Cost Allocation Arrangements for Pollution Abatement
As has been seen in the governance of the Colorado River Basin – shared by the seven US states of Arizona, California, Colorado, New Mexico, Nevada, Utah, and Wyoming – the general trend is towards collaborative localized problem-solving, often within geographical areas defined by waterfronts. Ecological sustainability would avoid unnecessarily sacrificing the welfare of future generations to accommodate present needs. In addition, it recognizes the realities of ecosystems; it demands that we not use one resource without considering the effects of that use on the supply and vitality of other resources and on the balanced operation of natural systems. Interests in the inter-state river basins must be met with new and innovative arrangements with respect to allocation of costs of pollution.
The IRBA must formulate an effective cost-allocation mechanism for pollution abatement. In order to rejuvenate and thrive a polluted river, costs must be made to clean the water. This calculation may be done on an annual basis to identify the amount of pollution that each party has contributed to the total accumulated pollution. A question arises as to how should the costs be shared amongst the pollution contributors or simply the 'polluters'. Arrangements need to be in place to allocate costs upon the polluting parties. Complexities arise in situations where the upper riparian states are also partly responsible for the pollution at a certain river segment and it may be reasonably suggested that the upper riparian states share in the cleanup costs of the lower riparian states. Another complexity could be where the lower riparian states benefit from the upper riparian states cleaning the river, then it might be reasonably suggested that the lower riparian states contribute in the cleanup costs of the upper riparian states.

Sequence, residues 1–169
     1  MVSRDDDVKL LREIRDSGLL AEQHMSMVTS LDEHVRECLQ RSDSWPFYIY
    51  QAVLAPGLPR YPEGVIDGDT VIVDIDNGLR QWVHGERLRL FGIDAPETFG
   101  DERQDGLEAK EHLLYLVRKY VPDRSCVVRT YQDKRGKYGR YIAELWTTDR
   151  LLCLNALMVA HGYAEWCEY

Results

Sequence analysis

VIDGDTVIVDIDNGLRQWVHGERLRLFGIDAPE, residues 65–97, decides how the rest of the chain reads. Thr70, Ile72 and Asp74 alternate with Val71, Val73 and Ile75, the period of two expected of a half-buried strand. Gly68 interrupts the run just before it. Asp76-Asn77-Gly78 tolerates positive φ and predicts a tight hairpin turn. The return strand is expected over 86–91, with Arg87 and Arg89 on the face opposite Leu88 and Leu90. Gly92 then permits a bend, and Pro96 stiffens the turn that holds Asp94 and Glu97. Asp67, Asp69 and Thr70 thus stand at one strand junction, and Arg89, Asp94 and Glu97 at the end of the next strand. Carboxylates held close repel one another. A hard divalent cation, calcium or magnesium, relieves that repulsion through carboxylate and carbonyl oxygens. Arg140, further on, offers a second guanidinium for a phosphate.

The fairness principle can be applied to formulate an arrangement that might resolve the difficulty of cost-allocation for pollution abatement. The fairness principle encompasses three doctrines within it, one of which may be deemed appropriate and subsequently applied in relation to cost sharing. These doctrines include: 'polluter pays doctrine', 'victim pays doctrine'/'beneficiary pays doctrine', and the 'endowment doctrine'.
The 'Polluter Pays Doctrine' is placed upon the characteristic of contribution, i.e. the amount of pollution contributed by a party. If the costs of the cleanup are allocated proportionately, parties who contribute the most pollution to the river will pay the most in cleanup costs. This illustrates the 'Polluter Pays Doctrine', a proportionality-based concept.It was held in Indian Council for Enviro-Legal Action v. Union of India that the 'Polluter Pays' principle which is a part of the basic environmental law of the land requires that a polluter bear the remedial or clean up costs as well as the amounts payable to compensate the victims of pollution. The judgment in this case on the polluter pays principle and the justification for invoking it was reaffirmed by another Bench in 1996, in the case of Vellore Citizens Welfare Forum v. Union of India.